Out of the 1,735,720 candidates that registered for this year’s Unified Tertiary Matriculation Examination, UTME, 1,540,179 candidates had their results released as 738,375 candidates have already crossed the 200 marks bar, even as the results of the 36,000 candidates that wrote computer-based tests have not been made public.
This came as the Joint Admissions and Matriculation Board, JAMB, and National Universities Commission, NUC, vowed to vet post-matriculation admissions.
The institutions also debated the cut-off mark for this year’s admission after a rowdy argument at the 4th Combined Policy Committee meeting held at NUC headquarters in Abuja.
Cut-off marks reviewed
They arrived at 180 for degree-awarding institutions, while the cut-off mark for non-degree awarding institutions was pegged at 150 from 160 to encourage candidates to opt for polytechnics and colleges of education.
JAMB Registrar, Prof. Dibu Ojerinde, made the disclosures, yesterday, at the NUC headquarters, stressing that the admission capacity of tertiary institutions in the country had been raised to 704,000, from the initial 500,000.
Ojerinde said the board and NUC had to deal with the problem of admission of excess students for which the Federal Government was often pushed into a tight corner.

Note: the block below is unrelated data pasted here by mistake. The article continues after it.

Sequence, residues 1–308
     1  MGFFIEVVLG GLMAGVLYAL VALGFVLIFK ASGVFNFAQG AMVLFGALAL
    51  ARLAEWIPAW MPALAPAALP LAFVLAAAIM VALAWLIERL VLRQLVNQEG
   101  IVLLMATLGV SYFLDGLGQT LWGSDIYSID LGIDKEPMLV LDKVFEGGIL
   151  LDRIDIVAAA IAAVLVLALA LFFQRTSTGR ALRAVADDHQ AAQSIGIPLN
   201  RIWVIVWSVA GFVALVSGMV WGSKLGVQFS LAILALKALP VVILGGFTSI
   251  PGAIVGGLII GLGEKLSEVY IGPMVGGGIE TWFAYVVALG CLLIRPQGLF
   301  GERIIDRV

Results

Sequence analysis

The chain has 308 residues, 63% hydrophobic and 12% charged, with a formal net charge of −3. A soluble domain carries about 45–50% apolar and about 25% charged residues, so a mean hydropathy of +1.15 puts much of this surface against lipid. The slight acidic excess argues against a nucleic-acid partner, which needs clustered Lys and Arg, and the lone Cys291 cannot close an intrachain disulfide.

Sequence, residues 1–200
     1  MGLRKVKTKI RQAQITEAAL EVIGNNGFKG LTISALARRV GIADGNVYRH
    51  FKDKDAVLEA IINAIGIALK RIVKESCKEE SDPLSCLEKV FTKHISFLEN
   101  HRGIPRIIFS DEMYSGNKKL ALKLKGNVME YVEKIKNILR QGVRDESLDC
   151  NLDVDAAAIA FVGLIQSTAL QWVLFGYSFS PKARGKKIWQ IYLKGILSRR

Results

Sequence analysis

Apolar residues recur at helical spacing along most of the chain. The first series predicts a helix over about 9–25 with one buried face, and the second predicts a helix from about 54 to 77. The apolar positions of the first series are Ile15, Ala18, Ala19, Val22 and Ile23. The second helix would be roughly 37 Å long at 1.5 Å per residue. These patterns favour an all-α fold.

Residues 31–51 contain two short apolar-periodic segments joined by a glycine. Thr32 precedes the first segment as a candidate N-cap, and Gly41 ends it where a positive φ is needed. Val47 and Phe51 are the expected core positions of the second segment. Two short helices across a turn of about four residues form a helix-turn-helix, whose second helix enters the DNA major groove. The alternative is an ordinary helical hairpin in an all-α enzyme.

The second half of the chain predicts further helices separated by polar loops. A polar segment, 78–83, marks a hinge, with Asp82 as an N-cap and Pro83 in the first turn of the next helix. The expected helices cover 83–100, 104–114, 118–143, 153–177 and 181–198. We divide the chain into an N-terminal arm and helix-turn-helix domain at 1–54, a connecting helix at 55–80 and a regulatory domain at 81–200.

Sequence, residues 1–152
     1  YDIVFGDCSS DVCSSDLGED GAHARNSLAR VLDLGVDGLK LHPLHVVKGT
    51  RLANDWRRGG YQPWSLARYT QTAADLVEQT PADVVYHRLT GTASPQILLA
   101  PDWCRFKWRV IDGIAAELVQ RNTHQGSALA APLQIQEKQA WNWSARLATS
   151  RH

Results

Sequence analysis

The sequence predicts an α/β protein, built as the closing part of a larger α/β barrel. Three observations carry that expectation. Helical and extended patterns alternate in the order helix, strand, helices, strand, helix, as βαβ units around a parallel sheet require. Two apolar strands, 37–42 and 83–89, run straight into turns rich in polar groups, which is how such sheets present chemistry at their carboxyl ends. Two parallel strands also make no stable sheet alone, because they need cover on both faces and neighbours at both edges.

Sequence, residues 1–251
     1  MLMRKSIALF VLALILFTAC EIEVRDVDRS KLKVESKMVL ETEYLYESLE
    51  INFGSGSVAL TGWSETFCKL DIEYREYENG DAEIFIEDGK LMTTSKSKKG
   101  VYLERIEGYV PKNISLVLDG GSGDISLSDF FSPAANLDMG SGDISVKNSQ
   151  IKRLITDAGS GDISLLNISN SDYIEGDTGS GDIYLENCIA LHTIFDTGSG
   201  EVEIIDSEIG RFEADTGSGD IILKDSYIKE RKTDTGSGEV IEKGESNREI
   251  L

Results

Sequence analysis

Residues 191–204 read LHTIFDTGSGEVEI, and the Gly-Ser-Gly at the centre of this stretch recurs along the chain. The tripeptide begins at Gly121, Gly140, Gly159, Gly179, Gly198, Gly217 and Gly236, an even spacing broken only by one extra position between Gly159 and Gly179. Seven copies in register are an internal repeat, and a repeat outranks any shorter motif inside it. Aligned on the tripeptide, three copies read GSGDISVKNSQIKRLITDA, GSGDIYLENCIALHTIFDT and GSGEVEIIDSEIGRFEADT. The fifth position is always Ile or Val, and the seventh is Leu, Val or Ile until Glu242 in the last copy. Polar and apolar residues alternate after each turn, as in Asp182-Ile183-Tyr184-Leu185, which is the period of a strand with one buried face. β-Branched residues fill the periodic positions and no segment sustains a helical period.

He warned the institutions to stick to the deadline of October 31 for admission of students and cautioned that any student admitted outside the deadline would not graduate from the institutions.
He said: “I wish to remind you formally that all admissions will come to an end by October 31. All institutions are hereby called upon to adhere strictly to this date as late submissions will not be entertained.
“We have discovered that some universities and other institutions comply with admission deadline, while some others do not comply and up till date they are still admitting students.”
He said that the scores of 180 and 160 were adopted last year as cut-off point, but was thrown open for institutions to agree on before adoption in the 2013/2014 year.
However, the debate on the cut-off for this year generated heated argument, but the institutions unanimously agreed to peg the cut-off mark at 180 for universities and 150 for non-degree awarding institutions.
Reasons for marks review
The institutions based their argument on the graph shown to them by JAMB, indicating that candidates preferred universities to polytechnics and colleges of education.
They argued that to encourage candidates to seek admissions in polytechnics and colleges of education, there was need to bring down the cut-off mark to 150 for non-degree awarding institutions.
Ojerinde reminded the institutions of the mandatory guidelines on admission, pegging criteria for merit at 45 percent, catchment, 35 and educationally less-developed states, ELDS, 20 for Federal Government-owned institutions.
For state-owned institutions, merit was put at 40 percent, catchment 40 and ELDS 20.